Netanyahu banned from top law enforcement appointments - High Court

The prime minister has already agreed not to directly appoint a new attorney general, state prosecutor or police commissioner, as well as judges to the Jerusalem District Court and Supreme Court.

Israeli Prime Minister Benjamin Netanyahu looks on before the start of a hearing in his corruption trial at Jerusalem's District Court February 8, 2021 (photo credit: REUVEN KASTRO/POOL)
Israeli Prime Minister Benjamin Netanyahu looks on before the start of a hearing in his corruption trial at Jerusalem's District Court February 8, 2021
(photo credit: REUVEN KASTRO/POOL)
Attorney-General Avichai Mandelblit has the authority to bind Prime Minister Benjamin Netanyahu with a conflict-of-interest arrangement given his status as an indicted defendant, the  High Court of Justice ruled Thursday.
Netanyahu has been on trial for three public corruption affairs since last May. Witnesses will be called against him starting on April 5.
There has been concern that he might try to appoint law-enforcement officials or judges, or pass legislation impacting the legal establishment, to interfere with the course of his trial.
The three justices, led by Supreme Court President Esther Hayut, agreed with all but one of the restrictions Mandelblit had proposed be put on Netanyahu.
The court rejected an additional restriction requested by the Movement for Quality Government in Israel, which filed the petition.
Netanyahu had already agreed to Mandelblit barring him from direct involvement in the appointment of the next attorney-general, the next state attorney, the police inspector-general and future judges of the Jerusalem District Court, where he is on trial.
However, the prime minister had fought to have a direct role in High Court appointments and legislation impacting the legal establishment.
Hayut wrote the court’s decision on behalf of herself, Supreme Court Deputy President Hanan Melcer and Justice Neal Handel. The prime minister’s having remained in office while also on trial for serious offenses (bribery, fraud and breach of trust) is an exceptional situation, she wrote.
This situation prohibits Netanyahu from being in a position that raises even the slightest doubt of a conflict of interest, the court said.
One of the basic assumptions that led to the High Court green-lighting Netanyahu last May to form a government, despite his indictment, was his explicit commitment to accept a conflict-of-interest arrangement set for him by Mandelblit, it said.
Despite this promise, Netanyahu later said he had only agreed to negotiations with Mandelblit over the issue and not to summarily accept anything he dictated.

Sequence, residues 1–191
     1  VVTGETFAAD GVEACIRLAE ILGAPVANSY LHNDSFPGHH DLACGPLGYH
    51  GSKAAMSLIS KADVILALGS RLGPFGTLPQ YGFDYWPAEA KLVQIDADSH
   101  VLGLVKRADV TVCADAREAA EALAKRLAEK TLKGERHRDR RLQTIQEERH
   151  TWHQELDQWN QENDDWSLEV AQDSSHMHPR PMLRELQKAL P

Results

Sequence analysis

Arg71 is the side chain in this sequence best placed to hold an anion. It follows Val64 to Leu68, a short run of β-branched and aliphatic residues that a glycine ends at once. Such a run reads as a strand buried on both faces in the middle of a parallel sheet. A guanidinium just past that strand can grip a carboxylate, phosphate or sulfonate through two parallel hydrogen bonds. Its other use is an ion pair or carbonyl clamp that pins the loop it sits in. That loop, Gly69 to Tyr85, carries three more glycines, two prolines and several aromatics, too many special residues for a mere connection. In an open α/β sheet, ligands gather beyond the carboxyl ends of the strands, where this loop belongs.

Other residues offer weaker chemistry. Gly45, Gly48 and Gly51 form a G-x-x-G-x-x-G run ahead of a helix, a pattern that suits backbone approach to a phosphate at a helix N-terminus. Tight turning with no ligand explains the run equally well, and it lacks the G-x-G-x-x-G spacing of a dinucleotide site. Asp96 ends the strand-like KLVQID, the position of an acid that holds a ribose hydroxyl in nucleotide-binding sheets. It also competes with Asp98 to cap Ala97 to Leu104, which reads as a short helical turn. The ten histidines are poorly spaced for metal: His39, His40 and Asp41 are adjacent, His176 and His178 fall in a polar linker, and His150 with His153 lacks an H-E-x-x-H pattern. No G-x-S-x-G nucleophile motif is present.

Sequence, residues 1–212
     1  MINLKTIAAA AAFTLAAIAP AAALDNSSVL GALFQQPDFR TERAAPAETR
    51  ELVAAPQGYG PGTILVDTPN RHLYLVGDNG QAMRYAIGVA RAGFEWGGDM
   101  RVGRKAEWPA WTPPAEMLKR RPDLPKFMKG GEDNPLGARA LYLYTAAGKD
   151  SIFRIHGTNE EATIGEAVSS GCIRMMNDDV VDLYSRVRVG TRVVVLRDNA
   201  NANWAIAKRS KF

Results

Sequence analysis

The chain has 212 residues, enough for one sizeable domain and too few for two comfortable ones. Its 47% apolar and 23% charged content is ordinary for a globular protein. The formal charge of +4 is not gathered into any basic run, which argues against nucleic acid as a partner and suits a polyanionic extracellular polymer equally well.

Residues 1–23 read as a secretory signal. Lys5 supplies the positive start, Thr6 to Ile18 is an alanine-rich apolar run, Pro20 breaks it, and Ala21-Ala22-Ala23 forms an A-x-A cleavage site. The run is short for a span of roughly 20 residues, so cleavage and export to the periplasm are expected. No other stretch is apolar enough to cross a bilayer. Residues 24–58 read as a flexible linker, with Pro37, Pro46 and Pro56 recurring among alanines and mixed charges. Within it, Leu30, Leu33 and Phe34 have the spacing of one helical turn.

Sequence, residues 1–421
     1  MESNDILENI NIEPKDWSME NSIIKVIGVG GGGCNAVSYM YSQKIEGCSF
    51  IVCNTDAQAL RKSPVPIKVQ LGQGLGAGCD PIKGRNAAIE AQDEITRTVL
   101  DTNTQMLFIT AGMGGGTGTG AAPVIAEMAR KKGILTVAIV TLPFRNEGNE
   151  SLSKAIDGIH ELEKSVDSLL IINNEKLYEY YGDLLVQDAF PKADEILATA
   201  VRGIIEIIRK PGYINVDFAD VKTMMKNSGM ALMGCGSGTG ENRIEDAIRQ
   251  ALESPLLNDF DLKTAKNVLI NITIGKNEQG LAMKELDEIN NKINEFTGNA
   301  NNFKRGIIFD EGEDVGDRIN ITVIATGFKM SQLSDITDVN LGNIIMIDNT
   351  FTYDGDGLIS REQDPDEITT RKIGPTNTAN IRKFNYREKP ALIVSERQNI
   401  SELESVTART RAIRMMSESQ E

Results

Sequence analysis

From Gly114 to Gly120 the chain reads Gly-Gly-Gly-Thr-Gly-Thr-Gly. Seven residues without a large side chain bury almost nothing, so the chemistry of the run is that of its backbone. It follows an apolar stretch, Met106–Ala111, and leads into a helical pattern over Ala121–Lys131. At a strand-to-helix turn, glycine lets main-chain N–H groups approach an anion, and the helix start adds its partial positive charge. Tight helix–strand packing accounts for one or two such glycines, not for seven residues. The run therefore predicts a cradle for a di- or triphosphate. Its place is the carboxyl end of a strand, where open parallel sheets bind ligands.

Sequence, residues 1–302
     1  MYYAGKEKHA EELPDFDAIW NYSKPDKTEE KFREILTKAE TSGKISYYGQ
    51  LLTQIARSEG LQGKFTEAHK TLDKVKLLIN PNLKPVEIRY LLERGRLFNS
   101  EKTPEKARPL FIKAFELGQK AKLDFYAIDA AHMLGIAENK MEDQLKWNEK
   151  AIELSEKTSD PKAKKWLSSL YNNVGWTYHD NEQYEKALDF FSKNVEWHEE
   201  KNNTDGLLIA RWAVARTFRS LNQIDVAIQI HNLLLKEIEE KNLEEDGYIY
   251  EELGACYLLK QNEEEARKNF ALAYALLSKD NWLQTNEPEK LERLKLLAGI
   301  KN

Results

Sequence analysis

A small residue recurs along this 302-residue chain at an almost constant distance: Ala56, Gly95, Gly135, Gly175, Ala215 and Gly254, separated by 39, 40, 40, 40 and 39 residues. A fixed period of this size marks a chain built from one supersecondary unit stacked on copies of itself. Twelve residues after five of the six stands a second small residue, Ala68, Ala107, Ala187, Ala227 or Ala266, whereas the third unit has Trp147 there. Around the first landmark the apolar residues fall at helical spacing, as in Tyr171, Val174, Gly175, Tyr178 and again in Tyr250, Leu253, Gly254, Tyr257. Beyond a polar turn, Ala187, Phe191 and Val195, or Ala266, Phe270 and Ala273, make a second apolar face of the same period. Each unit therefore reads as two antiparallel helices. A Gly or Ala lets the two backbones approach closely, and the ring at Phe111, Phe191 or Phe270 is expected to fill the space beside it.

The High Court said it was only intervening and ruling after extensive discussions by Netanyahu and Mandelblit dating back to last May had failed to lead to an agreement by both sides.
It is within Mandelblit’s authority, as attorney-general, to make decisions for the executive branch about such issues, and his opinion is binding as long as the court has not explicitly ruled otherwise, Hayut wrote.
In addition, the justices said the subject of conflicts of interest in the executive branch is at the core of Mandelblit’s role as the top official responsible for upholding the rule of law.
Moreover, the “denial of the attorney-general’s authority in this context now is a contradiction of the prime minister’s previous commitments and statements before the court, and in the past, the prime minister even acted in conflicts-of-interest arrangements organized by the attorney-general in other matters,” the court said.
Further, the justices supported Mandelblit’s view that Netanyahu is barred from engaging in certain areas of activity within the Communications Ministry, as well as certain governmental legislative proceedings that could directly affect the criminal proceedings in his case.
They also barred him from direct involvement in High Court appointments, since those justices could end up hearing any future appeal he might file should he be convicted.
One area where the court moved toward Netanyahu was regarding witnesses involved in his trial.
The justices ruled that Netanyahu need only be removed from involvement in government decisions regarding such witnesses if he knows they will be impacted.
Mandelblit had sought a more absolute ban on this issue and to place a larger burden on Netanyahu to discover all potential conflicts that might arise regarding the trial’s hundreds of witnesses.